Have you ever sat at your desk, hoping on a miracle, that somebody somewhere will develop a fully comprehensive application for tracking network information???  I know I have, along with millions of other fellow network professional’s I have to assume.  What exactly am I referring to?  IP addresses, vlans, VRF’s, Rack Elevations and on and on and on.  We all have to keep up with this information, for most it is located in spreadsheets; some in notepads; others try to lock it all away in the vast empty space we call a brain.

So, the stage is set.  Yes, there are claims of applications that can keep track of what your CORE router IP address is and what vlan you assigned to one of your customers, or even where in the bloody rack it sits in relation to your other devices.  Some can even keep track of which VRF routing table your management lies in along with which physical port it connects to.  Going a little further, maybe the application claims to give you a basic map layout to which you can refer to…

BUT, very few paid applications actually combine most of these functions into one and very little if any Open Source projects do at all.  Although I can think of maybe one or two programs such as iTop or phpIPAM that combine some useful features such as IPAM and documentation pools etc.

Which brings us to Netbox.

Netbox is a swiss army knife, a gem, a diamond in the rough.  It combines all the features every person in the networking world needs, wants and should have.  We found Netbox on packetlife.net which is run by Jeremy Stretch and who subsequently developed Netbox.  If you want to read more about how it came to fruition, take a look here.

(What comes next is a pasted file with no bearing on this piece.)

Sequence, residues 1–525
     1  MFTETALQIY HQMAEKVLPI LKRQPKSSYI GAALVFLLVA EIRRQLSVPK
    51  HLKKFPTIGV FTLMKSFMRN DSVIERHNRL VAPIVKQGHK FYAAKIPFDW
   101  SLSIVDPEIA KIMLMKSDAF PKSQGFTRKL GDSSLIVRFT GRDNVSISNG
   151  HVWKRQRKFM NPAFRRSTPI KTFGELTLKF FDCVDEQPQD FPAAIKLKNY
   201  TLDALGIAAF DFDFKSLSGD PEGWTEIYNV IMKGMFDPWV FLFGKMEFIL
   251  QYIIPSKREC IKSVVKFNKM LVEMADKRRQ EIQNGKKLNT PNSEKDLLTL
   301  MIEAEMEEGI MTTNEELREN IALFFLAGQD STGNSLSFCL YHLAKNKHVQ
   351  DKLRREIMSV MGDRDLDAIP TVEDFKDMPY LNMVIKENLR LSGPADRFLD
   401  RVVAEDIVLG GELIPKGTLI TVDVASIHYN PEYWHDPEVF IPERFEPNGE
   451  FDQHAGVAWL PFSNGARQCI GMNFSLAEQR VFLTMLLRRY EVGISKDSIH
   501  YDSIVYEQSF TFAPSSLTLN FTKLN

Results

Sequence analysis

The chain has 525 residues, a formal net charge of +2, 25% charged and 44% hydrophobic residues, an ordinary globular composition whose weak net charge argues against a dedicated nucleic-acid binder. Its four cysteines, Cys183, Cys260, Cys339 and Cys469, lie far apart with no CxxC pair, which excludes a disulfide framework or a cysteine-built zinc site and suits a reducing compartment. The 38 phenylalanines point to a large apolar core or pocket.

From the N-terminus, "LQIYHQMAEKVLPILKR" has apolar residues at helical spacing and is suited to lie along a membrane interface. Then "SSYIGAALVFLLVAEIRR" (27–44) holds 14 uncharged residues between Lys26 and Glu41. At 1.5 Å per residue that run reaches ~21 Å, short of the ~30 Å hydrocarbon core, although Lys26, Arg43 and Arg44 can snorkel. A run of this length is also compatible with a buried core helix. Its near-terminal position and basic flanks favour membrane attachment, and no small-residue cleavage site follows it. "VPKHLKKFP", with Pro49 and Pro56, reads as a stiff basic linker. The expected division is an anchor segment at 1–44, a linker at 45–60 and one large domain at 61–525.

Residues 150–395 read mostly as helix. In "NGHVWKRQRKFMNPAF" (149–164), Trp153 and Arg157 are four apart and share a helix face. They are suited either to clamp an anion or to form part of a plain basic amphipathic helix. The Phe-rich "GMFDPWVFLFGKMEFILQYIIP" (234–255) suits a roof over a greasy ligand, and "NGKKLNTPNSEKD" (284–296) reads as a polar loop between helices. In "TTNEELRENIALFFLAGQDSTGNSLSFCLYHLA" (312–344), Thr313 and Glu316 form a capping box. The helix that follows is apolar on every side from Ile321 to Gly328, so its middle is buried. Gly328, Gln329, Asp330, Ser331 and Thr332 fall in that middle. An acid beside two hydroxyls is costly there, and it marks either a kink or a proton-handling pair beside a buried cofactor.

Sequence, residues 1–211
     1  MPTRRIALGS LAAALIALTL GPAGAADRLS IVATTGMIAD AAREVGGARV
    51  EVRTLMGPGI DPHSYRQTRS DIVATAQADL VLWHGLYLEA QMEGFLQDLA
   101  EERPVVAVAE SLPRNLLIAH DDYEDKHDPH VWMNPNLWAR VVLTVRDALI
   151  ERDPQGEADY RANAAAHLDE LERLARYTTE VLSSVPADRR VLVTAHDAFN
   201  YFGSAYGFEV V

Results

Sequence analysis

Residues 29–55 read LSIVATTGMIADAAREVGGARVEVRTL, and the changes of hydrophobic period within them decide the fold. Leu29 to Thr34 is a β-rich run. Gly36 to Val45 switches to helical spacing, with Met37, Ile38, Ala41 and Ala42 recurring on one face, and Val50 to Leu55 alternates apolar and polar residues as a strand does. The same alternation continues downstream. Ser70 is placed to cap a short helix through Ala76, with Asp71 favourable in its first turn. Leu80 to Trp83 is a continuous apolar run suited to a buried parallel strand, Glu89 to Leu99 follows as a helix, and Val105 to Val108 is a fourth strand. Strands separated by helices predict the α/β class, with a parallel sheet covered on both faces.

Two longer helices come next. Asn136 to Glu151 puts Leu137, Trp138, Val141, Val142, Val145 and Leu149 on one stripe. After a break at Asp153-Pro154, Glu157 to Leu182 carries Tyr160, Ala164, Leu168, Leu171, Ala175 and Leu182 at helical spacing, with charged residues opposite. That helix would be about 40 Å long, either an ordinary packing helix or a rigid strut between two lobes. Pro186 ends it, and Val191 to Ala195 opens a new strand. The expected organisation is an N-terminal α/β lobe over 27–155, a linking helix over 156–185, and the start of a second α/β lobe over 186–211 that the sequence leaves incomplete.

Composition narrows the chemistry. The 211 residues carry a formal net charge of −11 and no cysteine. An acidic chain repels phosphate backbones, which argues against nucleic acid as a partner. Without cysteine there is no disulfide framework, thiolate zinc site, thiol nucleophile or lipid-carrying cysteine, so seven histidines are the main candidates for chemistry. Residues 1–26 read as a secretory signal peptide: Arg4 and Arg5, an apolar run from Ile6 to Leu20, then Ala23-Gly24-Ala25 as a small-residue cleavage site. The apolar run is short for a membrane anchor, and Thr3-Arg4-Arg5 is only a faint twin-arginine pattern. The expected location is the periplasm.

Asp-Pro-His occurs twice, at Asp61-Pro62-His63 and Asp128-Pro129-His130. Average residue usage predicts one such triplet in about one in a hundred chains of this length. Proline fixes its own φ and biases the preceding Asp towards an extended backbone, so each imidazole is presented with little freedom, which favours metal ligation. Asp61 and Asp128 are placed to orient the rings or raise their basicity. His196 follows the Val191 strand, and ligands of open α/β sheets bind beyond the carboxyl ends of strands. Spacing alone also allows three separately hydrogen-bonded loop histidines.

Basically, this is what Netbox does and it does it extremely well, its also Open Source and completely FREE:

  • IPAM – IP Address Management
  • DCIM – Data Center Infrastructure Management
  • Single Converged Database
  • Circuit Provider Management
  • Vlan Management
  • VRF Management
  • Multi-Site (tenancy)
  • Rack Elevation
  • Connection Management – Interfaces/Console/Power
  • Customization Header For Logo’s etc
  • And More!

Here are a few screen shots to highlight some of the above features:

 

Main      Devices      IP_Space     Circuits     Connections    vlans

 

Hopefully if you are as geeky as we are, you are biting at the bit to give this puppy a try.  In that respect, there are a couple of options for you to give it a go.

  1. Follow the written documentation provided by Jeremy.  I have to say, the instructions are pretty spot on.  They are lengthy though with the components needed in Linux to allow Netbox to work.  You can find the documentation here if you wish to try yourself.  I will not be going over the installation steps in the post because they are cemented in the provided link; though have no fear, there is the second option…